Since 2006 the U.S. Trust Study of High Net Worth Philanthropy has examined the giving and volunteering trends, behaviors, attitudes, and priorities of American households with a net worth of $1 million or more (excluding the value of their primary home) and/or an annual household income of $200,000 or more. The most recent installment, written and researched in partnership with the Indiana University Lilly Family School of Philanthropy, was released a few months ago. Here are some takeaway highlights:
More Women are Giving: While it’s not a large margin, 49% percent of respondents identified as men while 51% were women.
What Women are Supporting: Women were more likely to support health care and medical research with 40% of their giving going to these organizations.
Most Wealthy Households Donate: 90% of high net worth households in this study donated to charity in the past year, as much higher rate of giving than the general population of U.S. households at 565.
Basic Needs Charities Top the List: Wealthy donors gave to an average of seven different nonprofit organizations which supported a wide rage of causes. However, basic needs organization received support from the largest percentage at 54%.
Volunteering Plays a Huge Role in Charitable Giving: 48% of wealthy individuals volunteered their time and talents to charitably organizations they care about – nearly twice the rate of the general population at just 25%. Women were more likely to volunteer than men (56% vs. 41%). However, Hispanic-Americans volunteered well above the study average at 60%. Most that were surveyed said they were volunteering in response to an organizational need (65%) and believing that the individual could make a difference was the second highest motivation at 56%.
Donors Give for Specific Reasons: There are both personal and altruistic reasons for the wealth donors’ giving. Among the top responses are that they believed in the mission of the organization (54%) and that they believe their financial gift can make a difference (42%). Receiving tax benefits is not a prime motivation for giving, with just 17% of wealthy donors saying it was a motivation for giving.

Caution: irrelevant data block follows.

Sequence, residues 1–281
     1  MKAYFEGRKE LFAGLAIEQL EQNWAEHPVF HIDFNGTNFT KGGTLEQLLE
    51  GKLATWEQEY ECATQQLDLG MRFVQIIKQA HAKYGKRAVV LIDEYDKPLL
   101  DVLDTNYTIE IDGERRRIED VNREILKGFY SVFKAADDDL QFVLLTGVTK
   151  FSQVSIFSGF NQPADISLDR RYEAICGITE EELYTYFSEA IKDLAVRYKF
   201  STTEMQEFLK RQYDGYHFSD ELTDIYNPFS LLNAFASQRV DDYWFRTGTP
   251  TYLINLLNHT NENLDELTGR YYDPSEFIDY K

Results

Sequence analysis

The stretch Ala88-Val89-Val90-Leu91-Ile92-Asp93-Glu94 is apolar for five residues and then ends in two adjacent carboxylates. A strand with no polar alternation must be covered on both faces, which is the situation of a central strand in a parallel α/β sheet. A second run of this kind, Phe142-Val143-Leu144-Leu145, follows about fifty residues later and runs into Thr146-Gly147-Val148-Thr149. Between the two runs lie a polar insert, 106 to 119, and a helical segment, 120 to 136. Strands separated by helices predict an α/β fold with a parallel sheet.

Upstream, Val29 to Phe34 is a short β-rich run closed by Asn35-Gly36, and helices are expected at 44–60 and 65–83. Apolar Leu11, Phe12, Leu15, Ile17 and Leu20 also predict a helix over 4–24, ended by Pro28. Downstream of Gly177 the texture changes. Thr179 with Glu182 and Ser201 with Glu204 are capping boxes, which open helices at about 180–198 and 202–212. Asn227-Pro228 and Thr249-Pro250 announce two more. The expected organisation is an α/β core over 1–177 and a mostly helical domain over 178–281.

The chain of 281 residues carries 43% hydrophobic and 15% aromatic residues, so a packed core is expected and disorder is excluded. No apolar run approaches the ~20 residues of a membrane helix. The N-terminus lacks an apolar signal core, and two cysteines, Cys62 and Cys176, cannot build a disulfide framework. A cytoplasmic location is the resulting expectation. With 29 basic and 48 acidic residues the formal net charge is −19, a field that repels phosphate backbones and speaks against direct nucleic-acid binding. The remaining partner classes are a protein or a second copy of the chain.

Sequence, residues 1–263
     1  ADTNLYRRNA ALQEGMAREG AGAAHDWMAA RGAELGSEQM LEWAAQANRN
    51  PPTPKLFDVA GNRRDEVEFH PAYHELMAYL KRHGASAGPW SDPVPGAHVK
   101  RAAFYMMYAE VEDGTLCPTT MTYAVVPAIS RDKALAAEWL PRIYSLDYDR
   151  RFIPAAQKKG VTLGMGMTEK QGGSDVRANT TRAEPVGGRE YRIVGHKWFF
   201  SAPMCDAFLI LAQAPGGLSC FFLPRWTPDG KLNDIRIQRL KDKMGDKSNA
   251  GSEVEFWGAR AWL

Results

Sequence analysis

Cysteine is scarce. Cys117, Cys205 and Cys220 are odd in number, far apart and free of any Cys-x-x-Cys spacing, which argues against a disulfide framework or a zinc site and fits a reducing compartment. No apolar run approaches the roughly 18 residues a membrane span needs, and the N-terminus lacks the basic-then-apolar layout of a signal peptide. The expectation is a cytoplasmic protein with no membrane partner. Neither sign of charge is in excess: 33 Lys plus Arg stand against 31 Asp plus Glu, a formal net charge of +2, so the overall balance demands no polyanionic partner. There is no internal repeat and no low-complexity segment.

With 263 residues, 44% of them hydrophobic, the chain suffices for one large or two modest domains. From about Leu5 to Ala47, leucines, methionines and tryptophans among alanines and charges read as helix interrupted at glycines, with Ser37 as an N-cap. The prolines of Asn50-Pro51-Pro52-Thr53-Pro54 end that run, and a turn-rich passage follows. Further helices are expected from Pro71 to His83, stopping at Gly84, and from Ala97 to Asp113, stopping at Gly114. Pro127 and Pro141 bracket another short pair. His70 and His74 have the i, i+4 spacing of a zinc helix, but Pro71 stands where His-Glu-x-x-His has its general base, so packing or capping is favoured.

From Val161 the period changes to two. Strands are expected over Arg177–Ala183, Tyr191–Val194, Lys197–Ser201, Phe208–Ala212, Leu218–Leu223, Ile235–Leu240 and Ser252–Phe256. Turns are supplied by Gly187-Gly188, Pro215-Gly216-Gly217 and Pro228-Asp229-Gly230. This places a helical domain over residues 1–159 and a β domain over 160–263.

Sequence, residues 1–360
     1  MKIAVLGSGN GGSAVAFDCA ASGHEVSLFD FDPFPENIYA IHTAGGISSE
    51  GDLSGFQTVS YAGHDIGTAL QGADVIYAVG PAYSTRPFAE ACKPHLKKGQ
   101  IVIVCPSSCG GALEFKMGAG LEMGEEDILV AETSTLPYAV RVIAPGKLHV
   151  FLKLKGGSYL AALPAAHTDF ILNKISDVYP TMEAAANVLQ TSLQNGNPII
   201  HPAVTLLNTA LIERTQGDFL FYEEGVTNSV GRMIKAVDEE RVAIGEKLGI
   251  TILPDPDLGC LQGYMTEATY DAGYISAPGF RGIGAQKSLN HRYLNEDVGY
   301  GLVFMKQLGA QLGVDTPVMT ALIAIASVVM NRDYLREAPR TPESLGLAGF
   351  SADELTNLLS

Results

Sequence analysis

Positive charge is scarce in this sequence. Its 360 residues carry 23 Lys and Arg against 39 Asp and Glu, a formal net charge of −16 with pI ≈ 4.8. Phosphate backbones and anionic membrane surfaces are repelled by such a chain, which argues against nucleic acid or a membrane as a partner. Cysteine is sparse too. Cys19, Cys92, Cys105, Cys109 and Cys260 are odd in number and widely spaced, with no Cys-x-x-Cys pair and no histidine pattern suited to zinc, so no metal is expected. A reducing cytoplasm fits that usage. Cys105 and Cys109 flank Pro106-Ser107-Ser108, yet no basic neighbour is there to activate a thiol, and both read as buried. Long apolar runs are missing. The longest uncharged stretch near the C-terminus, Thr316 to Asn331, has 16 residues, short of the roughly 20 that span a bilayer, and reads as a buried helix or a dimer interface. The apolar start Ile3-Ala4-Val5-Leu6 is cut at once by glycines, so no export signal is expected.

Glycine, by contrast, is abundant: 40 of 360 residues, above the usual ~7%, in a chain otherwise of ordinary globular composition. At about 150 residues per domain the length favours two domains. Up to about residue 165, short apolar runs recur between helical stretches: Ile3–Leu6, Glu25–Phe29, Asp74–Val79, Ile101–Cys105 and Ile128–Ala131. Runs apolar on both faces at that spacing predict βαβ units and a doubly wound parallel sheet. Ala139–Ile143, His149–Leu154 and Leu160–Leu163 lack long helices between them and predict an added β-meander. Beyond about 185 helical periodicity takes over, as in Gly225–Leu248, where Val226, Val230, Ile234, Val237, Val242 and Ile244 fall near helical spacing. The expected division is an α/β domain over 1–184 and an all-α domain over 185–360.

Challenges for Donating: The wealthy donors reported the greatest challenge when it comes to charitable giving is identifying what causes they care about and deciding from there where to donate. 45% of wealthy donors said this was the largest obstacle. Secondly, 37% said they had trouble understanding how much they can afford to give.
Family Comes First: When asked how they would ultimately like to distribute their wealth, 74% of high net worth individuals reported that they intend to leave the majority to their children and grandchildren. 12% of those surveyed said they would leave their wealth to other heirs and 14% said they intend to leave 23% of their wealth to charities.
While the survey did not address life insurance death benefits directly, it is important to point out that the death benefit from a permanent life insurance policy may be directed by the policy holder towards individuals and charitable organizations alike. This death benefit is not generally subject to probate or other legal entanglements. This can give individuals across a wide variety of economic conditions and financial means a way to contribute a legacy to their heirs or support causes they identify with. Given the optimistic outlook towards charitable giving outlined in this study, permanent life insurance may provide an attractive solution for a variety of philanthropically-minded individuals.
Contact a dedicated Simplicity Life representative today to discuss all life insurance options available for yourself and your clients. 800.921.3100.